MemberJanuary 26, 2024 at 2:39 pm
Bylaws are complex! Don’t try to do everything yourselves. Expect to retain a lawyer familiar with the Condominium Property Act and Regulation.
My experience, coming from working as a community planner in many communities across Western Canada, a Toastmaster, and trainee and trainer with the Board Development Program, society and Condo board member and President:
- Have round-table conversations among yourselves about every topic you can think of as to how you want your condominium to be – don’t just deal with the three Ps (People, Pets and Parking)
- Have very wide-ranging conversations, and talk about everything – many things may not need to be legislated, but there may need to be a discussion leading to a rule or policy. Some things may not be possible under legislation, but it is important to explore the issues and find out if they can – or cannot – be implemented.
- Form a committee (with one board member to report to the board) to prepare a ‘shopping list’ of possible bylaw items, in everyday language that everyone understands.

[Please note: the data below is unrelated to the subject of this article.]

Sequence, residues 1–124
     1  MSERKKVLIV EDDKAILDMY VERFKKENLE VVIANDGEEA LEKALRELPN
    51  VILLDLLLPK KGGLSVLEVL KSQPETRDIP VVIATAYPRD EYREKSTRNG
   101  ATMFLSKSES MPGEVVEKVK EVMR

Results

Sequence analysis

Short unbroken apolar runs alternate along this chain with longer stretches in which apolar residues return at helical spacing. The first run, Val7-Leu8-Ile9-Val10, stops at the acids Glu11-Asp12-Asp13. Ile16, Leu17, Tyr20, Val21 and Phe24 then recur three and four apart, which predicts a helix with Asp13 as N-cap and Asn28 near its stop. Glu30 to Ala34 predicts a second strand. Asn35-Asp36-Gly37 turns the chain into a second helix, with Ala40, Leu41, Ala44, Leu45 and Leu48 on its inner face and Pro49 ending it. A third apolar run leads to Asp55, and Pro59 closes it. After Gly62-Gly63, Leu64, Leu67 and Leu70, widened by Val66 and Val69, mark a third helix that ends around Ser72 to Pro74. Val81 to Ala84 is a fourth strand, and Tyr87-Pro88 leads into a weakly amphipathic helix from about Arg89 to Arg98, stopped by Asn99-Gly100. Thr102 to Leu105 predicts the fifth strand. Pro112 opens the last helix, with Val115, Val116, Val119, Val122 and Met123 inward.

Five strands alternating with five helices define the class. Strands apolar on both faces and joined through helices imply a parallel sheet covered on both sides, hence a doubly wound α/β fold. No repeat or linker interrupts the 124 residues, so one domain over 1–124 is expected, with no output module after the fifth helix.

- Consult the lawyer and ask for the shopping list to be incorporated into your bylaws. Some can be done, and some cannot (such as prohibiting rentals) but can be managed (such as short-term rentals).
- The lawyer will have access to bylaws, or draft bylaws, with suitable legally acceptable terminology to translate your wishes into draft bylaws.
- The lawyer should be able to incorporate items decided in court, if not by legislation, that can be included or must be excluded.
- Have yet more open discussion to review the draft bylaws. Assuming everyone is (eventually) happy, or accepting the wishes of the majority, the board should by resolution decide to put the bylaws to a vote of the owners.
- The Special Resolution should pass easily in a short time, because of the general prior discussions. (Who said “Dream on!”)?
- Make sure the bylaws are registered in the Land Titles Office. The lawyer should do that.